“A Song for Lucrezia Borgia” / “Una canzone per Lucrezia Borgia” Lucrezia, Lucrezia, Lucrezia Your name sings and murmurs from the pages of my history books, set in a tapestry of popes, dukes, kings. How shall I understand you, who you are? Tiny curling vines spiral up from the printed words, thorny and bitter – […]
Greetings, my friends.
At first I hoped this post might contain a poem about Sir Gawaine, knight of King Arthur’s court – and surprisingly recalcitrant writer’s subject, as it turns out. I’ve started a number of pieces about Gawaine in the last several months, and have been unable to complete a single one of them to my satisfaction. This may be due to insufficient perseverance on my part – I must admit that I have the bad habit of being a lazy writer, more often than I care to confess. However, though perseverance and discipline are invaluable skills for any manner of creator, I suspect that in the case of Gawaine, I am trying too hard to control the arrival of his poem. It has been my experience that some of the pieces upon which I later look with the deepest joy and sense of fulfillment are those whose first few words arrive unasked, when I am not thinking of them deliberately. So, Sir Gawaine, forgive me for now. Your poem is waiting, and when it is ready, I shall share it here.
In the meantime, I was sifting through my files (“my files”, how strange it seems to say that!) for something I feel needs to be shared, and I rediscovered the piece below, written this spring.
“What Are We To Say”
What are we to say, we who speak more than one language,
To whom vārdi, paroles and Wörte are all words,
When we are asked, even by a friend,
How we manage so many? By listening,
By drawing them into the heart,
And filling our ears with different kinds of silence.
We might wish, sometimes, for a little more silence,
as each new face demands a different language;
but when the choice is given to our heart
we revel in the sweet rainstorms of words,
each drop tasting different, requesting listening
in a way our ears cannot explain, though we try to tell a friend
how it is, this speaking with three tongues or more. The friend
who understands best will be one like us, who senses how silence
can be shaped into a hundred different streams by listening,
by seeking each moment’s perfect language.
Swiftly we shape different worlds of words,
asking wordlessly which of our minds they match, which heart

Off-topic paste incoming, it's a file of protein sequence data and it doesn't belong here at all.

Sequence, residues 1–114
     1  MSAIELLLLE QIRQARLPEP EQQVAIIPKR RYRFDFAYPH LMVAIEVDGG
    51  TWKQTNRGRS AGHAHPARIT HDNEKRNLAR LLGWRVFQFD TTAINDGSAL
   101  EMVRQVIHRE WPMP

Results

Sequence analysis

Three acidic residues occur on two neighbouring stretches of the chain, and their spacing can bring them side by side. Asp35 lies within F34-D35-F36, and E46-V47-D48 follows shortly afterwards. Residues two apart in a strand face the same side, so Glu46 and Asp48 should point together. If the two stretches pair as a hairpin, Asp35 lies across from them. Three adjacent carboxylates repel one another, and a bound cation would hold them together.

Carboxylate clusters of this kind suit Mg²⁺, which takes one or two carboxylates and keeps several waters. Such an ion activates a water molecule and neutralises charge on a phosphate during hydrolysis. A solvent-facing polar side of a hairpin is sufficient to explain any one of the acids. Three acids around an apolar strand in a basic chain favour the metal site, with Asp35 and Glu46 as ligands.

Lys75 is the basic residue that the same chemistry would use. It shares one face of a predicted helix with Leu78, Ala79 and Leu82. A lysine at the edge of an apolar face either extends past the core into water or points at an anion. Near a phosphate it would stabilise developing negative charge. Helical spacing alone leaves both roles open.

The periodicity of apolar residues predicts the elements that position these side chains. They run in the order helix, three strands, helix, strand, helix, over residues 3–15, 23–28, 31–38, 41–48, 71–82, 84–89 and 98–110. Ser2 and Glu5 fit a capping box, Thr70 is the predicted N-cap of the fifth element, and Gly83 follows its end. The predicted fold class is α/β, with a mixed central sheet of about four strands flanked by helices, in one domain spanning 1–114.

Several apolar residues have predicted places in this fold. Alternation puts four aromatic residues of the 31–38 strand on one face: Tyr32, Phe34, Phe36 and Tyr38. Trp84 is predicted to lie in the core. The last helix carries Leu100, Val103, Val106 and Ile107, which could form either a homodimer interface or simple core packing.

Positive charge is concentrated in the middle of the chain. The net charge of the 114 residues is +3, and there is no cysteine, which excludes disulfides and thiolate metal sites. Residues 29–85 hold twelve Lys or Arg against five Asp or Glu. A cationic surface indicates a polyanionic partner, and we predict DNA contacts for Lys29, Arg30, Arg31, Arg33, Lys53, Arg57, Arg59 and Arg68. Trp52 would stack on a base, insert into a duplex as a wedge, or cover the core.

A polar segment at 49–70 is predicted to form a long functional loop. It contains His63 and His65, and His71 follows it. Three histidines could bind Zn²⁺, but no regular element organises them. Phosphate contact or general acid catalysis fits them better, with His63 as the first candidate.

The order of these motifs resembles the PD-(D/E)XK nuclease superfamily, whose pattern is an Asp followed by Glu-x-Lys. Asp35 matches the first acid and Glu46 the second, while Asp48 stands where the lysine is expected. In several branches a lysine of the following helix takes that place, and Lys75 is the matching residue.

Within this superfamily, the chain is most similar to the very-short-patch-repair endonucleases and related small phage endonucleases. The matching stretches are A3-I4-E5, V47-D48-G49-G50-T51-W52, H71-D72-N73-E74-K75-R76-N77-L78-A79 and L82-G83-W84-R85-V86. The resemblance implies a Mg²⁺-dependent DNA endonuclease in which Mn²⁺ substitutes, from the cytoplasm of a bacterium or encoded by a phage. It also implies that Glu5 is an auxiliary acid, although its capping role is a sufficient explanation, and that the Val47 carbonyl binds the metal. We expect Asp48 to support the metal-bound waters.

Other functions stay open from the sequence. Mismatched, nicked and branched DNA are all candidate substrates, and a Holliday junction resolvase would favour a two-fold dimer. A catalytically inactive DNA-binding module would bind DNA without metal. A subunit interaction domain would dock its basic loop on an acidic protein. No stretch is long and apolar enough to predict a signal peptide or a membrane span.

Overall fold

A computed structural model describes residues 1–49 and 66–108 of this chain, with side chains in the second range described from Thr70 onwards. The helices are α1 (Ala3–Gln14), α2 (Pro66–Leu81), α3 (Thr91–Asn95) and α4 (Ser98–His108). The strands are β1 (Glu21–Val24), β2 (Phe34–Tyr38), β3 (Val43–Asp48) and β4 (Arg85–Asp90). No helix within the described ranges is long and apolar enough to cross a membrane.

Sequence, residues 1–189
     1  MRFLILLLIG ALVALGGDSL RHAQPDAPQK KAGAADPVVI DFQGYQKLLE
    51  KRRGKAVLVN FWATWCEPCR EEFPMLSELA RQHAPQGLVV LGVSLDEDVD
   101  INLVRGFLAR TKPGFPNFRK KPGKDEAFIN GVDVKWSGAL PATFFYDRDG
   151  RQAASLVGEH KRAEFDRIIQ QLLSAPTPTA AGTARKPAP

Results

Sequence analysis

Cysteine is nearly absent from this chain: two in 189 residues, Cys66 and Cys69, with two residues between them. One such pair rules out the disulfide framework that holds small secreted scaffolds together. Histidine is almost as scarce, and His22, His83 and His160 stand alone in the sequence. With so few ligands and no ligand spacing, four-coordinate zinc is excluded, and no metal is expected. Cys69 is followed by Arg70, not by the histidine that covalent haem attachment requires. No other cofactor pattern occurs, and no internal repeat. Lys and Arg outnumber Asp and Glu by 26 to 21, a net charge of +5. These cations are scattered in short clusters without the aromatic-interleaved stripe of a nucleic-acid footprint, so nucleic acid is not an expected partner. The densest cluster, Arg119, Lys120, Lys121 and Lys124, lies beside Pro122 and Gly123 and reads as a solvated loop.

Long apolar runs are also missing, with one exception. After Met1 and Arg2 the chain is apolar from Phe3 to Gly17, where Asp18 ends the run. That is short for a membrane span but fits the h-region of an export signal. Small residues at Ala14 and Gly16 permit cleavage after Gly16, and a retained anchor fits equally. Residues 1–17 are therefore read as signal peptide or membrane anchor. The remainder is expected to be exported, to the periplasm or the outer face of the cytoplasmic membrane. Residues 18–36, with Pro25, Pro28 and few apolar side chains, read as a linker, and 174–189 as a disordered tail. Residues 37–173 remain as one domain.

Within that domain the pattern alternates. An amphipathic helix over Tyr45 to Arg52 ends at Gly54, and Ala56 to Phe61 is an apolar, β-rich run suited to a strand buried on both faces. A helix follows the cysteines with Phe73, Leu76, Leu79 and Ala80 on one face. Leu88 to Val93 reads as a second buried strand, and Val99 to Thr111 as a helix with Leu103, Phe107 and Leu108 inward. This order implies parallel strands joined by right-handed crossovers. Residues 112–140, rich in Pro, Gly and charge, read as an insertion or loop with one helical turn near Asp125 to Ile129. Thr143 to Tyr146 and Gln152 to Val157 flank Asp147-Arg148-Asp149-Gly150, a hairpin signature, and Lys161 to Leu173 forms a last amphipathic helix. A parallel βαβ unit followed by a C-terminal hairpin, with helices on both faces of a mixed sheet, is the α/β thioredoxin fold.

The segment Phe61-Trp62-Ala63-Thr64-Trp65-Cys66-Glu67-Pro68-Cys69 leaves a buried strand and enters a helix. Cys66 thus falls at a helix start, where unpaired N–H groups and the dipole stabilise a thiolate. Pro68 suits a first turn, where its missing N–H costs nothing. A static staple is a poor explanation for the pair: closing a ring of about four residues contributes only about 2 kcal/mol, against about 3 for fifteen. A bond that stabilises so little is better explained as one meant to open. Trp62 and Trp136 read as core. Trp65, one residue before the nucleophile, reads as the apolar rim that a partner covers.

is clear and waiting now to share our love of sharing. The heart
of multilingualism is – treating every language as a friend,
a new discovery with a treasure chest of words,
each word to be loved, tasted, set in the silence
like a jewel. Each world–tongue, each cànain
reaches out to us, and we are compelled to be it – by listening.
Our endless quest of listening
takes us to the very heart,
the core, the spring, unbounded source of language –
to every listener a patient, clear-eyed friend –
which might be limpid silence.
And this spring helps us find words,
when translation seems impossible, when words
defy all our powers of listening,
when we feel a struggle against the very silence
– and yet take of our love the heart,
make the gap between languages into a friend,
and blend the untranslatable into a cocktail, a shared language.
So, in the end, every language
to us is a friend,
an anamchara, shared – our heart.
~ Marta Ziemelis. Written in Dubai, Copyright February 2012.
This particular piece sprang from two roots. First, I read a beautiful poem by Dominican-American writer Julia Alvarez entitled “Bilingual Sestina” – which I encourage anyone bilingual in English and Spanish to read! – that inspired me to write one of my own similar to it. Namely, a poem written in two languages at once, shared between the two. And I said to myself, “What more fitting subject for such a work than the very experience of being multilingual?” Which leads to the other root: my experience of explaining – or attempting to explain, at times – the essence of what it feels like to carry a handful of languages inside my head, and to be able to switch between them at need, without strain.
Briefly, cànain and anamchara are Scottish Gaelic words, the first meaning “language, tongue, speech, dialect”, the second – a soul-friend, a person with whom one shares a deep connection to be cherished, the kind of connection that is difficult to express in words. (For anyone inclined to consult a Scottish Gaelic-English/ English-Scottish Gaelic dictionary, I can recommend this one, which I have found useful).
With humility and with great love, I would like to dedicate “What Are We To Say” to all the language teachers I have had and hope to have in future, whether inside a classroom or outside it. And, of course, to all the people in the world who carry more than one language in their heads, and who feel the wonder and the joy in it.